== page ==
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Career in Records management

Records management Records management is a relatively new line of work, but due to the increased recognition within most sectors of the value of knowledge and information management, the range of freelance, consultancy and permanent opportunities is increasing. Professionals have careers based on the concept that their field or discipline is something they will be working in most of their adult lives. It is something they select because they are drawn to it, have the educational requirements for it, understand and enjoy the occupational culture of the field, and can successfully perform the work required in the field.

The records management, a career is something of long-range concern and exists externally to any solitary organization. A career is a sequential, organized, and predictable path which is managed by individuals as they pass through various stages of their work life. A career is not merely initial job selection but a way of life and even a social role or identity.

Records management professionals are employed in a wide range of roles. The job increasingly involves advising on records management issues, as well as undertaking practical and strategic activities. Records managers achieve goals in many ways, including; designing systems, analyzing business processes, designing business classification schemes, undertaking records surveys, establishing retention schedules, designing and running record centers and devising business continuity policies. An applicable professional qualification is very useful for long-term career development. There are ample opportunities for consultancy work (usually senior professionals), occasionally involving overseas travel, as employers recognizes the need for expertise they lack in-house, for example in commercial data storage companies or the management consultancy section of large accountancy practices.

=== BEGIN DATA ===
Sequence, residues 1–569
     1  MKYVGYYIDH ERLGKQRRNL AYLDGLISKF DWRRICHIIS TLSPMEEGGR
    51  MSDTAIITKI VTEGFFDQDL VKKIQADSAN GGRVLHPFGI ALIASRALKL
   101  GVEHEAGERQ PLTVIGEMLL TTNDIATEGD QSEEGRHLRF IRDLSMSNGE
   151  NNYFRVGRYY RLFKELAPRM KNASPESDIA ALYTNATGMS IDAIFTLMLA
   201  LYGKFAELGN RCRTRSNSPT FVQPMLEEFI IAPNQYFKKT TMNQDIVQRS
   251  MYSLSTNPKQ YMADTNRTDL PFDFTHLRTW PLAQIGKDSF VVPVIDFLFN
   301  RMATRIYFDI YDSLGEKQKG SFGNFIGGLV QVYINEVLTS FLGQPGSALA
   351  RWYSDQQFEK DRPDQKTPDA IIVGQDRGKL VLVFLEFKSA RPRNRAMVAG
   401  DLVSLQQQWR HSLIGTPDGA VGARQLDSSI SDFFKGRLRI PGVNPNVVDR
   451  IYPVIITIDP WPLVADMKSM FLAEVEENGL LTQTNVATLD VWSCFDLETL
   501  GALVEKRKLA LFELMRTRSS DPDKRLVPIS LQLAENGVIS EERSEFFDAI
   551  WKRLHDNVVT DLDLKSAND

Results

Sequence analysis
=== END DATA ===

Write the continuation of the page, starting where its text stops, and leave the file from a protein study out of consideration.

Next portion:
Professionals can work also as an individual level through agencies. This is generally only short-term contract work, which involves setting up an information system on behalf of a company. Records managers are employed both to establish a new system and to supervise it in the long term. Companies are also increasingly identifying the significance of employing professional staff to increase awareness of key legislative issues. The only issue of concern is that most organizations have a quite small team of records managers.

Regardless of many individuals entering the archives and records management field with solid educational backgrounds in history and the humanities, few seem inclined to consider the history of records and record keeping, organizational record keeping systems, and archival repositories and the archival discipline.